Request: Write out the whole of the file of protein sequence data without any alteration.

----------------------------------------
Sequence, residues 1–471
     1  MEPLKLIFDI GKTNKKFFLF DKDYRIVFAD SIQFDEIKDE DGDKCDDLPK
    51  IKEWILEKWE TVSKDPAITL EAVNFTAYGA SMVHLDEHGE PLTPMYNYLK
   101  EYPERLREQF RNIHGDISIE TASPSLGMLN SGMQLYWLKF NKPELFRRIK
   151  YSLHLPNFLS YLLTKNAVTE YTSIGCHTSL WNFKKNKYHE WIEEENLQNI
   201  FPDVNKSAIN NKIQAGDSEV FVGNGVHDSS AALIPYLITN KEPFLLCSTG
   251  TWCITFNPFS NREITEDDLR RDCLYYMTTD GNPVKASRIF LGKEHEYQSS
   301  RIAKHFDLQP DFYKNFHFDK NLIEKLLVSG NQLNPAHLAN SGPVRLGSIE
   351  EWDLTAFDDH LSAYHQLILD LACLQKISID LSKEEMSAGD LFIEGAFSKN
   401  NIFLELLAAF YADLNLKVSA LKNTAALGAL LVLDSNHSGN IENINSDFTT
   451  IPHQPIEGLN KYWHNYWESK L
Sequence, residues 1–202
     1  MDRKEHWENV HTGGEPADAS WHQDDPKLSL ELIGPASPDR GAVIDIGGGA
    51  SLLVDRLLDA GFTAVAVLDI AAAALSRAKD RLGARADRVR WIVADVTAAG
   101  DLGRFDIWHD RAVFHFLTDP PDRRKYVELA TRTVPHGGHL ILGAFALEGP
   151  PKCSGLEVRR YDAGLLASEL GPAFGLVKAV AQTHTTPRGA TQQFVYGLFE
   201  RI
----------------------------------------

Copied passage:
Sequence, residues 1–471
     1  MEPLKLIFDI GKTNKKFFLF DKDYRIVFAD SIQFDEIKDE DGDKCDDLPK
    51  IKEWILEKWE TVSKDPAITL EAVNFTAYGA SMVHLDEHGE PLTPMYNYLK
   101  EYPERLREQF RNIHGDISIE TASPSLGMLN SGMQLYWLKF NKPELFRRIK
   151  YSLHLPNFLS YLLTKNAVTE YTSIGCHTSL WNFKKNKYHE WIEEENLQNI
   201  FPDVNKSAIN NKIQAGDSEV FVGNGVHDSS AALIPYLITN KEPFLLCSTG
   251  TWCITFNPFS NREITEDDLR RDCLYYMTTD GNPVKASRIF LGKEHEYQSS
   301  RIAKHFDLQP DFYKNFHFDK NLIEKLLVSG NQLNPAHLAN SGPVRLGSIE
   351  EWDLTAFDDH LSAYHQLILD LACLQKISID LSKEEMSAGD LFIEGAFSKN
   401  NIFLELLAAF YADLNLKVSA LKNTAALGAL LVLDSNHSGN IENINSDFTT
   451  IPHQPIEGLN KYWHNYWESK L
Sequence, residues 1–202
     1  MDRKEHWENV HTGGEPADAS WHQDDPKLSL ELIGPASPDR GAVIDIGGGA
    51  SLLVDRLLDA GFTAVAVLDI AAAALSRAKD RLGARADRVR WIVADVTAAG
   101  DLGRFDIWHD RAVFHFLTDP PDRRKYVELA TRTVPHGGHL ILGAFALEGP
   151  PKCSGLEVRR YDAGLLASEL GPAFGLVKAV AQTHTTPRGA TQQFVYGLFE
   201  RI